I've never been a creature of "good" habits. I've read countless articles on habit forming, and I've spent time bargaining with myself to just stick with things like writing daily in a journal, or reading a book instead of my phone before bed, or taking advantage of the gym that is inside my apartment building.
It wasn't until I read a new book, Gretchen Rubin's Better Than Before: Mastering The Habits of Our Everyday Lives that I recognized what I needed to do to develop and stick to "good" habits (NOTE: this is not an advertisement for Rubin's newest book. No one asked me to mention it and I do not benefit in any way if you decided to purchase or borrow this book after reading this. I simply appreciate what Rubin wrote and found it helpful).
Better Than Before offers a lot of insight into how different people form and maintain habits, but I found two specific takeaways most helpful. First, I am an "Obliger", which means that I respond very well when others are holding me accountable, but not as well when it's just me that's holding me accountable. Second, it can be much easier to form a new habit when there is a "clean slate", such as a new job, because you're not already set in old habits and there is an opportunity to set a new routine.
I am so glad that I learned these two things before I started working for myself.
Recognizing that I perform best when others are holding me accountable forced me to approach building this business much more transparently than I originally intended. It's why I'm writing this very post - I want others to know what I'm doing, why I'm doing it, and what I intend to do in the future. I respond well to deadlines and pressure, and keeping my progress and self-imposed deadlines to myself will not motivate me to stay on task like sharing those things with friends, family, and supporters and anticipating the question, "so how's it going?".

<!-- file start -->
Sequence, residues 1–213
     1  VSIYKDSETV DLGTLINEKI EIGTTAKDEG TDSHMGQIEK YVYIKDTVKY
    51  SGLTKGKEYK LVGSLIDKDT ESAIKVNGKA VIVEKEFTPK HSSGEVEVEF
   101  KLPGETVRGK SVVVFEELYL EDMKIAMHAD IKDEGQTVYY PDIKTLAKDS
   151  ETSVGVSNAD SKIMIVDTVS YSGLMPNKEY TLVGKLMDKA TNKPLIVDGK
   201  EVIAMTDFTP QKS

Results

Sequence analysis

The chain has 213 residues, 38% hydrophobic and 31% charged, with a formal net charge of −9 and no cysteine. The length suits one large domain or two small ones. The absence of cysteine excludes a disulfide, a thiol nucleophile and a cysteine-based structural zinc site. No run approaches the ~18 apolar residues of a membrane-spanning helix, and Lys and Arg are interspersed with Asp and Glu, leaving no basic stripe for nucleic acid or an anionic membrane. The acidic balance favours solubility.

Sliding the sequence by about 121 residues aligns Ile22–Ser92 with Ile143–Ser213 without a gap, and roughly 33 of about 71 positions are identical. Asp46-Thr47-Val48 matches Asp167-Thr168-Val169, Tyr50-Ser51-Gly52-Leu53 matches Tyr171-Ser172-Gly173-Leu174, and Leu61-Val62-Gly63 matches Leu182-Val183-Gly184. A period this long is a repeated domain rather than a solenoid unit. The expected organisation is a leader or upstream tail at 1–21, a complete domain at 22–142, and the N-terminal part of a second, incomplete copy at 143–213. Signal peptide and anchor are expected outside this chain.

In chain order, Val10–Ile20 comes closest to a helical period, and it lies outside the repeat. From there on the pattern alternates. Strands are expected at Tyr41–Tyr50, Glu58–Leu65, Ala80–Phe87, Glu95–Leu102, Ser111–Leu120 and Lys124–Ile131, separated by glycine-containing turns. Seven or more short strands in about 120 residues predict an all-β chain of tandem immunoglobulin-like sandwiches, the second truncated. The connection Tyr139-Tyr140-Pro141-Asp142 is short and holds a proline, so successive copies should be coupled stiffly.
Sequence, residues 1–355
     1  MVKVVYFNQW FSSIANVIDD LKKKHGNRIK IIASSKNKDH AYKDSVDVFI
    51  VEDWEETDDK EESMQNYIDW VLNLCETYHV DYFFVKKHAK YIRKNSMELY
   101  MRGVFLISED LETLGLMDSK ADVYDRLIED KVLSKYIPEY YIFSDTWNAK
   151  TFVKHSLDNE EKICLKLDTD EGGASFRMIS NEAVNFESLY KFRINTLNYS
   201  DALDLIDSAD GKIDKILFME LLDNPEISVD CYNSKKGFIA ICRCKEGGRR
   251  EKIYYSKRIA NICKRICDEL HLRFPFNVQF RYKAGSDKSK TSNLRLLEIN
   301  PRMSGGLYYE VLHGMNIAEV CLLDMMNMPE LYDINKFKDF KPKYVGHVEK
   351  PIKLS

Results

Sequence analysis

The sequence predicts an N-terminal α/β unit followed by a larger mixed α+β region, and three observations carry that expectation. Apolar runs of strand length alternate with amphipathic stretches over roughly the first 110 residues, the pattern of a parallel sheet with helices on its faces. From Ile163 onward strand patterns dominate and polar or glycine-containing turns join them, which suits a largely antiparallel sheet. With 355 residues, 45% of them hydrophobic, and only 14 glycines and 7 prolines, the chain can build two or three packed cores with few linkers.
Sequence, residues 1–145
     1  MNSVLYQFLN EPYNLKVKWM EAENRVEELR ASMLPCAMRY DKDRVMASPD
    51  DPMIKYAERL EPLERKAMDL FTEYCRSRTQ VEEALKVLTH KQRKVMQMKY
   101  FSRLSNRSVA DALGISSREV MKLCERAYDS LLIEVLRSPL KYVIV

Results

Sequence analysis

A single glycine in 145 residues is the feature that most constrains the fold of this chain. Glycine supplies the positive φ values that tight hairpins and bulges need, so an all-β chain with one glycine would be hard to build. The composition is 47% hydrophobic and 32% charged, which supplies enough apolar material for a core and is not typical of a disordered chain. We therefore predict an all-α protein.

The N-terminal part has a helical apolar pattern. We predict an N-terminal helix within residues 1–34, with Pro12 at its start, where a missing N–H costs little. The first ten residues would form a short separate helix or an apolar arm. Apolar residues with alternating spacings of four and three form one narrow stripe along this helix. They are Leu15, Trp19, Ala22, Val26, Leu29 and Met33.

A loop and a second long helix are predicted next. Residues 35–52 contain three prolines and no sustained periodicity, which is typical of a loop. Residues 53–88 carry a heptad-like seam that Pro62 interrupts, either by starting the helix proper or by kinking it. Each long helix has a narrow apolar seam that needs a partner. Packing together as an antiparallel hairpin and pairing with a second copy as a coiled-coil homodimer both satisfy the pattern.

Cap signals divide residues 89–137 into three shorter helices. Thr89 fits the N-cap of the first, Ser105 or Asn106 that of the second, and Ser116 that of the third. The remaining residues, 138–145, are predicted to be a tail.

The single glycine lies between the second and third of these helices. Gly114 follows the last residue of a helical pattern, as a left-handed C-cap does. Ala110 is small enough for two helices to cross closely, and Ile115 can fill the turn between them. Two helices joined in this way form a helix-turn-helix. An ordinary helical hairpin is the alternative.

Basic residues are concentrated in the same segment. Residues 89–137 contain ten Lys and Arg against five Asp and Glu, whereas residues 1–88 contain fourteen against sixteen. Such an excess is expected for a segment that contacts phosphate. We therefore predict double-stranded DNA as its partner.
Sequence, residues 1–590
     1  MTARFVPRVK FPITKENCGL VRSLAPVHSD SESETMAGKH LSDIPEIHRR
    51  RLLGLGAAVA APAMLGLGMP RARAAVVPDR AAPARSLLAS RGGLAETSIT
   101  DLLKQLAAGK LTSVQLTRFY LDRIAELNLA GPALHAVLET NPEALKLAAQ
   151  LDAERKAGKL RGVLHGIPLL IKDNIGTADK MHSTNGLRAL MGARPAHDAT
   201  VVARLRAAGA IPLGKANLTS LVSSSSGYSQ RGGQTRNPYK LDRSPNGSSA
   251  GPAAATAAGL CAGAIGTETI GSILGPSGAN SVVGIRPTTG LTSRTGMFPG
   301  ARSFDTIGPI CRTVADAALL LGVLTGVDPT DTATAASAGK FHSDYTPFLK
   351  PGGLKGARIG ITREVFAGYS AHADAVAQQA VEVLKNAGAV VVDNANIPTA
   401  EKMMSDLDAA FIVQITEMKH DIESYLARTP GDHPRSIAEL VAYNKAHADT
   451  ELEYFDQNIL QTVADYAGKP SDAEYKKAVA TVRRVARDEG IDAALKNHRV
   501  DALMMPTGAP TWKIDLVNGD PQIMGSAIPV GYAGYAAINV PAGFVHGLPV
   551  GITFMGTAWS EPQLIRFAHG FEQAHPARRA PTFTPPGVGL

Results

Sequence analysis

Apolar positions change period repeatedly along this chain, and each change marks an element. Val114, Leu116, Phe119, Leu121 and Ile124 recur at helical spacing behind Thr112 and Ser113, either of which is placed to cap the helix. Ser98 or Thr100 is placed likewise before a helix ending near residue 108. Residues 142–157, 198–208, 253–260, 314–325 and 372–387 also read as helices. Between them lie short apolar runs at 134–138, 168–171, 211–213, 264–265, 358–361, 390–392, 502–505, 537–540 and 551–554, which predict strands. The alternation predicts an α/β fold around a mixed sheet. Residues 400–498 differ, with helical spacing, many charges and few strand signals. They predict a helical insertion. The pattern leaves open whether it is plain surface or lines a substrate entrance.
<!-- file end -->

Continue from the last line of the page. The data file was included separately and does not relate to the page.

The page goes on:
So, how is it going?
Last week gave me the "clean slate" that I needed to set new habits.
I spent last Sunday night outlining the week. What did I want to accomplish? How much time would each task take? How much time am I going to reserve for myself? I incented myself to wake up early - earlier than I ever did for my old job - by planning an actual breakfast and a walk around Lake Calhoun, where I got to see the beautiful sunrise pictured above.
I am pleased to report that the majority of that list for the week got accomplished (what didn't get done was because it took longer than I had anticipated - another thing I'm learning as I go). I focused on the most important first steps of starting a business: registering with the state (say hello to Hazel & Rose, LLC), opening a business bank account, setting up dedicated social media accounts, and diving into the local library for additional resources.
So, what's next?
More morning walks around the lake, to start, but I'm also spending this week focused on my online presence. How does HAZEL & ROSE online feel different from Emma online? How does it feel the same?
I'm building a social media calendar for the first time. I'm putting the final touches on my business plan. I'm learning more about the new resources I've found.
I'm getting comfortable in my new habits.